The Rise and Fall of Nokia on BBC4
The Rise and Fall of Nokia (BBC4) with its tale of a Finnish wellie factory suddenly hitting boom-time with its electronics range reminded me of some hippies who renovated a derelict loo in the park near my house.
They started serving vegetarian food in there and it was good, so good that people came from all over… breakfast, lunch and dinner, and then they had to start taking bookings.
The last time I saw Lozza, the young Australian who’d set it all up, he had a suit on and a pressured, frantic look in his eyes.
It wasn’t quite that simple with Nokia but not far off and as well as telling a predictable story, large tracts of last night’s documentary were like the Arctic forests, dense and hard to navigate.
A parade of businesspeople discussing things like market strategy and management structure in Finnish does not make for great film-making, neither for the audience’s eyes nor its ears.
Along the way, though, some interesting tributaries caught the attention for a moment or two. Nokia’s success with telephones was intimately bound up with being a Nordic country with a small population and lots of open spaces.
It’s not just the wealthy who have boltholes in the woods or boats in a remote harbour, it’s more of a way of life and that of course, means a demand for ways to stay in touch.
Geography also played a role in the way Nokia moved into neighbouring Sweden. They blanket-booked advertising space across the country in a way that could only be possible in a country with a handful of urban centres, establishing a vital first toehold on the global market.
It’s possible that distinctively Finnish things such as the rooftop sauna and the cooperative way small communities work together to solve problems played a role in the story.
Yet nothing, it seems, is ever so strong that it can’t be ruined by big profits.
The Voices in My Head: A bold attempt to show us how lives are ruined and limited by mental illness
The Voices In My Head (BBC1) was a bold attempt to show us how lives are ruined and limited by mental illness.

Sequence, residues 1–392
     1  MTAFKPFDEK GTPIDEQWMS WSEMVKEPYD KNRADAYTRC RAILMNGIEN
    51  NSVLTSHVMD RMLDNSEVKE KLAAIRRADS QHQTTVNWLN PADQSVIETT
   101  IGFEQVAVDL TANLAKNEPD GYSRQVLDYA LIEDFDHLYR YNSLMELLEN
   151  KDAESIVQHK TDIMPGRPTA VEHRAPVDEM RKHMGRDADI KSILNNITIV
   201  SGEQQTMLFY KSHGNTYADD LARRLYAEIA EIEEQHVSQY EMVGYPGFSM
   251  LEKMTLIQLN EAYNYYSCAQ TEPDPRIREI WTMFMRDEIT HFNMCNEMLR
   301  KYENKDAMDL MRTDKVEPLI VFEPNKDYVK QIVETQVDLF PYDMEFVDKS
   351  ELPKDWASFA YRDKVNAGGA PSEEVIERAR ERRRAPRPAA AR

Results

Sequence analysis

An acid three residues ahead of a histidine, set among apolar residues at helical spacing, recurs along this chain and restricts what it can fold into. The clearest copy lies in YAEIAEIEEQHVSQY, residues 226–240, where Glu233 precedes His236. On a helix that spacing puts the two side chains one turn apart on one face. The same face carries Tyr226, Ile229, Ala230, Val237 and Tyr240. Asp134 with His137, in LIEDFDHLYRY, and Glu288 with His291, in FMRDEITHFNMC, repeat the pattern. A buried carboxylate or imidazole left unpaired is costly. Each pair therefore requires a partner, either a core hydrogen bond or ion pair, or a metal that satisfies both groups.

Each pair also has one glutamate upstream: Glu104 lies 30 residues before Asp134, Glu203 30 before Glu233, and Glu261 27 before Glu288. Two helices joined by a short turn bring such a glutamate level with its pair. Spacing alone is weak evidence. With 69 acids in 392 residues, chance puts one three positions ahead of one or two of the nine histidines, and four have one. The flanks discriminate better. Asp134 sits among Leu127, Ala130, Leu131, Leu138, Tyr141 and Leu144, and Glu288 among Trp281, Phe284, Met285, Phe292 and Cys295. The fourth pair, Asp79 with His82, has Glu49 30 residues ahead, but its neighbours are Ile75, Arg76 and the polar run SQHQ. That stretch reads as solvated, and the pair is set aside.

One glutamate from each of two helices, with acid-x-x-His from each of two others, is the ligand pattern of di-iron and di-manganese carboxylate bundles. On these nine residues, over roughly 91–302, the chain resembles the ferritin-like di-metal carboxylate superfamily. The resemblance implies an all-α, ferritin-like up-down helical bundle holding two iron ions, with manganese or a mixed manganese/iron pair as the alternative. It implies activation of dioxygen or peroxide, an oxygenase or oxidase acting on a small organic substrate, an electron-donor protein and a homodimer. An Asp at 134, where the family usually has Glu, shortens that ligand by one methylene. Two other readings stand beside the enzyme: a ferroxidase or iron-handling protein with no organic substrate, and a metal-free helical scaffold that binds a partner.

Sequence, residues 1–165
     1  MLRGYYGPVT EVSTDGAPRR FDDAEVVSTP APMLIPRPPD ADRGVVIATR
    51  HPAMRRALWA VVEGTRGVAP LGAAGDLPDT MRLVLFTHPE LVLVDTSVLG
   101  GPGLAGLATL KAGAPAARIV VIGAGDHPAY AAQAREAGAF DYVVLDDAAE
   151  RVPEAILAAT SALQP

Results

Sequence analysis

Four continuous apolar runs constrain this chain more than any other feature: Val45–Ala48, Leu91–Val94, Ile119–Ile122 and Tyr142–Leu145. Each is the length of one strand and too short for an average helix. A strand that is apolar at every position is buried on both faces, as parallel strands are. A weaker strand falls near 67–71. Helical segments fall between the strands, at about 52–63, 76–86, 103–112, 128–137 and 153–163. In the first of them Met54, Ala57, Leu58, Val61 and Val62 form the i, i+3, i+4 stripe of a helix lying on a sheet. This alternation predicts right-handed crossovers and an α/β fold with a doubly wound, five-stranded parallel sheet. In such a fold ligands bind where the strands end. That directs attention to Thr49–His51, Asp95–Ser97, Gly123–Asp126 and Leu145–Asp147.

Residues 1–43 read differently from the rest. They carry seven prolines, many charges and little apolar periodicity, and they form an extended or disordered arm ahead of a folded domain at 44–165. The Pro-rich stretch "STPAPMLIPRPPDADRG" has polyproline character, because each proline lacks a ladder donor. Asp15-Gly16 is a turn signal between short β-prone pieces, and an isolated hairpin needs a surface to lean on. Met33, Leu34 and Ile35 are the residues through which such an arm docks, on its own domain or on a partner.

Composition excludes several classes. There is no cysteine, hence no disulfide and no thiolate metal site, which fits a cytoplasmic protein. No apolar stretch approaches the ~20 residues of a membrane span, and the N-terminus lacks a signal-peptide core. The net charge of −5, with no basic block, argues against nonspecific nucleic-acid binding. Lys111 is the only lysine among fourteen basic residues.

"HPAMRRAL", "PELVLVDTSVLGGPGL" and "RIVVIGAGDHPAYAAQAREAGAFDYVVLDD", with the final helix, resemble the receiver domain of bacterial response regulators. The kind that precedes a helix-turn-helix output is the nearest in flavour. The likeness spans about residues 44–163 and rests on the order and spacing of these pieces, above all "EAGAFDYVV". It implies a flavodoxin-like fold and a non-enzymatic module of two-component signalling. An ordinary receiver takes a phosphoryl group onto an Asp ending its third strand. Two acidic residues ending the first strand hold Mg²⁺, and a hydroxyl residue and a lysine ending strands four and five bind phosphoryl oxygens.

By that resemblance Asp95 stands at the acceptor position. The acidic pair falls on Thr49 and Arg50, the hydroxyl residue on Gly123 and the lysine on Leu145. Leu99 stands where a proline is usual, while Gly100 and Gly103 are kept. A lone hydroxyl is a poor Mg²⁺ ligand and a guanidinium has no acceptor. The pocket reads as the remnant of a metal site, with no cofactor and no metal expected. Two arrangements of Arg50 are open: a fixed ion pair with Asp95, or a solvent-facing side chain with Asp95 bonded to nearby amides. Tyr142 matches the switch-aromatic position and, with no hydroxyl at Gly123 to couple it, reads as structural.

The producers had worked closely with actors, sound engineers and people who heard voices to give us an experience of what this terrifying phenomenon sounds and feels like.
Originally broadcast to the younger audiences on BBC3, the youthfulness of the contributors added an extra sadness to the stories.
Emmalina said she’d been hearing voices since she was in primary school. She had a sort of fraught family triangle going on in her head, an understanding mum-like voice alongside “Katy” who was more like a demanding, critical sister and she seemed trapped between the two.
Yet she’d had a job once, as a nursery assistant, and enjoyed it. Like everyone else who bravely tried to explain their experience of voices, she was too young to be living this kind of half-life.
Perhaps because the voices were brought to life so vividly last night, it seemed clearer than ever as well that the problem was only partly down to the chemistry of the brain.
Why were the voices so critical and persecutory? Why were the ones described as “friends” so demanding and harrying? I wasn’t surprised to learn medication often only turned the volume down.
PICKS OF THE DAY
Sport: FIFA World Cup 2018, 6.45pm, ITV
What a night this could be – Gareth Southgate (left) and his heroic young England Lions could be World Cup finalists by 9pm. All that stands between them and a place in Sunday’s showpiece is a very dangerous Croatia side. After last weekend’s ultra-professional win over Sweden in the quarter-finals, the morale within the England camp is sky-high. The success of Russia 2018 for Southgate has been built on his defence. Jordan Pickford has been outstanding in goal, Harry Maguire has elevated his game to a whole new level and Kieran Trippier has arguably been the player of the tournament. They will all have to be at their best again tonight, though, if football really is going to be coming home.
Film: Taken 3, 9pm, Film4
Prepare for an all-action roller-coaster ride with fight scenes aplenty as Liam Neeson (left) stars in the third instalment of the popular Taken film franchise. His character, rough and tumble ex-CIA agent Bryan Mills, has been making an effort to live a quiet life but that is shattered by the death of his ex-wife. Just when things seemingly can’t become any worse, he is framed for her murder and must fight to clear his name. Also starring Forest Whitaker and Maggie Grace.
Entertainment: Room 101, 9pm, BBC1
Frank Skinner brings the curtain down on the series tonight by looking back at the last eight episodes and selecting his favourite moments. We see famous faces discussing their least favourite things, arguing the case for Skinner (right) to banish them to the infamous room for ever. Choices include sugar lumps, enforced seating plans and life itself. This show often makes us wonder what we would like to see banished given the chance.
Mystery: Picnic At Hanging Rock, 9.05pm, BBC2
We are very excited to see this reworking of Joan Lindsay’s 1967 mystery novel arrive on our screens tonight. It runs for six episodes and centres on mysterious widow Hester Appleyard (Natalie Dormer, above) as she purchases an isolated mansion out in the Australian bush with the plan of transforming it into a school for young ladies. Years later, though, the establishment is at the heart of a dark mystery.
Nature: Secrets Of The National Trust With Alan Titchmarsh, 9pm, Channel 5
The shores of Strangford Lough offer some of the nicest views in Northern Ireland and tonight Alan Titchmarsh takes a trip there. The reason for his visit is to see Mount Stewart, which was home to the Stewart family for more than 250 years. In conversation with the National Trust’s Neil Watt (above), he learns more of the property’s history.